The flu is one of the many potholes that temporarily can derail a college basketball team during the long and challenging winter schedule. It has been around forever, so trainers and doctors know how to treat it. Coaches know how to deal with its consequences.
The new, rare bug that has engulfed the star-studded KU roster is another matter. College basketball coaches don't have much experience dealing with it, particularly at the superpower level.
The bug is called C.S.
Symptoms: Young athletes listen to the voices that critique their games honestly. They ignore the ones that tell them how great they are because they want a permanent front-row seat to big-time fame and fortune if it arrives.
Brandon Rush exhibited a serious case of C.S., aka common sense, in deciding not to declare himself eligible for the 2006 NBA Draft. Such a move would have set him back academically and would have led to the scouts telling him what they told him a year ago, when he participated in the NBA Draft camp. They told him he wasn't ready and told him what to work on. Rush listened. He improved his outside shot and his defense, both of which he'll continue to refine. This time, they would have told him to work on his left hand, nothing he didn't already know.
Rush's decision to return says a lot about him. It says he doesn't have an inflated opinion of himself, and it says how thoroughly he's enjoying the latter half of his student-athlete responsibilities. Rush makes no secret of his distaste for academic pressures, so it's not as if he took the easy path here. Very often, the easy path isn't the wise one. Rush had enough maturity to choose the sensible path.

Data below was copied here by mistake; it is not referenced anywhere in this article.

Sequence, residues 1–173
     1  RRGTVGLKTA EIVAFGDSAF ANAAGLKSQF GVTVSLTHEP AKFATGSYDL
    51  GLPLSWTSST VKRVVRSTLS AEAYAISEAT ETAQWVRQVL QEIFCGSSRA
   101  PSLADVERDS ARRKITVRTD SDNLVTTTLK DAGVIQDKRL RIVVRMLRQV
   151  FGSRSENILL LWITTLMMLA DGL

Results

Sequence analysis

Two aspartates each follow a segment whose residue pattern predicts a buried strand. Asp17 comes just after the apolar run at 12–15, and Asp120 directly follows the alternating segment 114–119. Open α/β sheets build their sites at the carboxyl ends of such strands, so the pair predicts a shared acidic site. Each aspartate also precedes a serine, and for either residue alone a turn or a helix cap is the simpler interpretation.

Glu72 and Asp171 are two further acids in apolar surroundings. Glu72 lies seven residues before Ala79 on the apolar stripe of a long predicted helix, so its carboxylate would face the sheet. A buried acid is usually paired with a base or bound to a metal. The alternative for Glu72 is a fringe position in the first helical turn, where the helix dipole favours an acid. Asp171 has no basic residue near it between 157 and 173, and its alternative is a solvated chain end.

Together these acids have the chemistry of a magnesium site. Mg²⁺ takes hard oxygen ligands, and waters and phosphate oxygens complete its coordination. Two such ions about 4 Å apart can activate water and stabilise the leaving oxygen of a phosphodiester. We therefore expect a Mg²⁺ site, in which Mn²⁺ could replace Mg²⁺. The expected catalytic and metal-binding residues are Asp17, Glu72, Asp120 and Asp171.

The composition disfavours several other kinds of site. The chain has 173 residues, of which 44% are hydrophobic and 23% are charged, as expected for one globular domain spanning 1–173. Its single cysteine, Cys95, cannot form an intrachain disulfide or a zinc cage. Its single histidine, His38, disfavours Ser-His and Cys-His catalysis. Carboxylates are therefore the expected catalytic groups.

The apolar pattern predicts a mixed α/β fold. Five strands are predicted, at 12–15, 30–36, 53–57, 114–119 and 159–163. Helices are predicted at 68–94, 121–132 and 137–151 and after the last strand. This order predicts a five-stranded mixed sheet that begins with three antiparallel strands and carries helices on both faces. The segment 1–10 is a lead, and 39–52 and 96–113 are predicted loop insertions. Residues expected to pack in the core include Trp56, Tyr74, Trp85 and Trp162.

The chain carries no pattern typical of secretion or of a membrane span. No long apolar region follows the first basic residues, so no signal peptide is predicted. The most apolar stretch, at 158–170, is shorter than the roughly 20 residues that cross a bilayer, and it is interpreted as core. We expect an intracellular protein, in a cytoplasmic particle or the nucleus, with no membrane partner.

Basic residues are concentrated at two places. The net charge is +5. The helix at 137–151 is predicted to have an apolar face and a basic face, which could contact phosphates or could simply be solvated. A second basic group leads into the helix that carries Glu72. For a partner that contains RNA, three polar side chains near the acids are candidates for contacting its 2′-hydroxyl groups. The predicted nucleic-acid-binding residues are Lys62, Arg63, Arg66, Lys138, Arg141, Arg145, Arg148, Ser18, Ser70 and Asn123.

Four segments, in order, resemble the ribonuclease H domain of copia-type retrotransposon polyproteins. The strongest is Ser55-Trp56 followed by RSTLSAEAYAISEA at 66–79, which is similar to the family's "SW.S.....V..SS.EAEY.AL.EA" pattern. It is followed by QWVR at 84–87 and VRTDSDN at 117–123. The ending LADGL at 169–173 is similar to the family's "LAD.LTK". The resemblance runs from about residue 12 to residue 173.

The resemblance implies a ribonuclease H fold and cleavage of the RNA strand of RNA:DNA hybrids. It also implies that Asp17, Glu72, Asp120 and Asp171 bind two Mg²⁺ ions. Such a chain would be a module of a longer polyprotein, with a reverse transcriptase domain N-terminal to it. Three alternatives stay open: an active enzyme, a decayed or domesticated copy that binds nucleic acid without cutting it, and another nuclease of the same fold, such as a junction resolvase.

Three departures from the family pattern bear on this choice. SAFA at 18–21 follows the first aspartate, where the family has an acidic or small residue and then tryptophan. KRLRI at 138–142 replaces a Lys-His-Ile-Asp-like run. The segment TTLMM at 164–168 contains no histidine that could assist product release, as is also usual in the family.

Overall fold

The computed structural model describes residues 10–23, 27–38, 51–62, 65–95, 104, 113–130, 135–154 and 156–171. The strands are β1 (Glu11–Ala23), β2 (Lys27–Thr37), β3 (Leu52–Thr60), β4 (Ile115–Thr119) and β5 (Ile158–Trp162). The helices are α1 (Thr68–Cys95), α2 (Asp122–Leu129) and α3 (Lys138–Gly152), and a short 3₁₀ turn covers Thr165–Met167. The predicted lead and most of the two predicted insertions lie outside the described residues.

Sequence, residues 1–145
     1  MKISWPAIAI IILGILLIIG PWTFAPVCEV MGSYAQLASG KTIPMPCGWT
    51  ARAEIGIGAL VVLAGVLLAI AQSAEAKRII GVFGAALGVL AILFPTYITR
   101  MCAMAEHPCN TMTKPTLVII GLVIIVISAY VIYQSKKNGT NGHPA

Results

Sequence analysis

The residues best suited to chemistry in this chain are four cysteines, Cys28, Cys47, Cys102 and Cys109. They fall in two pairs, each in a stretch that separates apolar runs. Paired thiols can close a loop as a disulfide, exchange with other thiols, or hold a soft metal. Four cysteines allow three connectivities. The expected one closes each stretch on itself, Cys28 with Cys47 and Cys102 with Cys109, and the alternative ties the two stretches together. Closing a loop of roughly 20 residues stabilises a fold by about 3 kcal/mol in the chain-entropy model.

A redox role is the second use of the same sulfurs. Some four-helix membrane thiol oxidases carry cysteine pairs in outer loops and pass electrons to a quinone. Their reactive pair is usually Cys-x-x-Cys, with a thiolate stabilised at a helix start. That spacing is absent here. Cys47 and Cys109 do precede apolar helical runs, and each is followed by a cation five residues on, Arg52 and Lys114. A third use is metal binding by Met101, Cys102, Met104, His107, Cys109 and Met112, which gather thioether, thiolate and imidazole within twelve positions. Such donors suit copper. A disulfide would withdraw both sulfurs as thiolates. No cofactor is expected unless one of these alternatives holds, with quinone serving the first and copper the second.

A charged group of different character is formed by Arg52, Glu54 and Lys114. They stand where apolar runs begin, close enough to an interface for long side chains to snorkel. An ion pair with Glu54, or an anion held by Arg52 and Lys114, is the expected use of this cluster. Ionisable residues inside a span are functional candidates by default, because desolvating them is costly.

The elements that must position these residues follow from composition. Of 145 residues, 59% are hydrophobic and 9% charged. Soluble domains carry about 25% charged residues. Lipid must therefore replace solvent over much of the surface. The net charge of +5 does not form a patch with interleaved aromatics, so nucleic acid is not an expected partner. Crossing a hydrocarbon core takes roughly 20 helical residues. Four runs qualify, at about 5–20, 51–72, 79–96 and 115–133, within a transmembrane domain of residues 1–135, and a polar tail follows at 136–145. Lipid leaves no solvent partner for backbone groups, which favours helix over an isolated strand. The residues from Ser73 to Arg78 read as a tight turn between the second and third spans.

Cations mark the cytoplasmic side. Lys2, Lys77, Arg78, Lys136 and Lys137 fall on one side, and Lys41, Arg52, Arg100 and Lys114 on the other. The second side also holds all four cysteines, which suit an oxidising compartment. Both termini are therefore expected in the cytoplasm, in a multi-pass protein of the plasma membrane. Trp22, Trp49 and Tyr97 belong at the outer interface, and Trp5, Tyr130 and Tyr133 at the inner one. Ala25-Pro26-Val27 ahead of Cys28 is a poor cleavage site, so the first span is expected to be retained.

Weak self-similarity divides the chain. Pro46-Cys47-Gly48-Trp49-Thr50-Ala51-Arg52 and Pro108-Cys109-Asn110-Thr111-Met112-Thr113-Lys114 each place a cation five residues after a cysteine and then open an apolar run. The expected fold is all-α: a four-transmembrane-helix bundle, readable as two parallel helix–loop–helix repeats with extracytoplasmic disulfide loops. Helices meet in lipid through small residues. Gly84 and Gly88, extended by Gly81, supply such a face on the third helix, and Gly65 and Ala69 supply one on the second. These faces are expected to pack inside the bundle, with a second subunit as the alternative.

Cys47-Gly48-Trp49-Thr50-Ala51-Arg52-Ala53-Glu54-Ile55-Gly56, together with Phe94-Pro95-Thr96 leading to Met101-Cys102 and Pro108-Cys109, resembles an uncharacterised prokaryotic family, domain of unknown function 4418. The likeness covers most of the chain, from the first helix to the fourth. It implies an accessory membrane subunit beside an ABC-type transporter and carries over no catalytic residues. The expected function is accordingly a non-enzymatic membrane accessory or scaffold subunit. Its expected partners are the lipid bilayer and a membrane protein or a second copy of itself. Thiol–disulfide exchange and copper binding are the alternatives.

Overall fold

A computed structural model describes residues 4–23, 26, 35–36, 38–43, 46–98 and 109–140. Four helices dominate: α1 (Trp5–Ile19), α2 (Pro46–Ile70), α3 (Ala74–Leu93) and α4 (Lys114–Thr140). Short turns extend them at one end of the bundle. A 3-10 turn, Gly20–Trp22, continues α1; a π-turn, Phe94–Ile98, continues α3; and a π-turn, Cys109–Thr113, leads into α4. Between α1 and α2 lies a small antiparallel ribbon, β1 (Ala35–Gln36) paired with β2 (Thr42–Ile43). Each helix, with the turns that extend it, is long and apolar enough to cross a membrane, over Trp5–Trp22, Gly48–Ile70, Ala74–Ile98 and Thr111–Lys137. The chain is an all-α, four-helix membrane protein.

Rush turns 21 on July 7. If he makes the anticipated improvements to his game during his sophomore season and then bolts to the NBA, he'll be a 22-year-old rookie.
Julian Wright turns 19 on May 20. If he books after his sophomore season, he'll be a 20-year-old rookie.
A freakishly explosive leaper with a terrific attitude, Wright could have taken a test run, too, and decided to take the wise path. He's not close to the player he'll become. He made big strides as a freshman, but hasn't put it all together yet.
"He will," a veteran NBA scout said. "Trust me. He will. And when he does, look out."
Because Wright didn't test the NBA waters this year, he can do so a year from now and could be told he's ready then.
Daniel Gibson and P.J. Tucker of Texas are taking test runs and can return to the Longhorns because they haven't hired agents.
"Gibson didn't help himself at all this year," another NBA scout said. "He needs to come back."
The same scout on Tucker: "Come on. Picture him playing against the Spurs. You think Mr. Duncan might have something to say about the stuff he throws up inside?"
Evidently, Akbar Abdul-Ahad, a 6-foot junior from Idaho State, found the cure for C.S.: a healthy dose of foolishness. Abdul-Ahad averaged less than six points in 20 minutes per game. He scored three points and made one of six shots in an Allen Fieldhouse loss to the Jayhawks.
Abdul-Ahad hasn't hired an agent, though it's not clear whether he wants to keep his options open or nobody was interested in representing him.